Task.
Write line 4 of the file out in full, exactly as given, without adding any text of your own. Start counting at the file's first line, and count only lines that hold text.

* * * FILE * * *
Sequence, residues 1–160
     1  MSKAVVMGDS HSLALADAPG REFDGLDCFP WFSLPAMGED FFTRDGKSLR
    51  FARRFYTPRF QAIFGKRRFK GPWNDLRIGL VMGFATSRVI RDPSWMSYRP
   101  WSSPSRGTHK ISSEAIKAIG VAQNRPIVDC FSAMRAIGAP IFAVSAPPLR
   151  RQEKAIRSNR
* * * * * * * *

   101  WSSPSRGTHK ISSEAIKAIG VAQNRPIVDC FSAMRAIGAP IFAVSAPPLR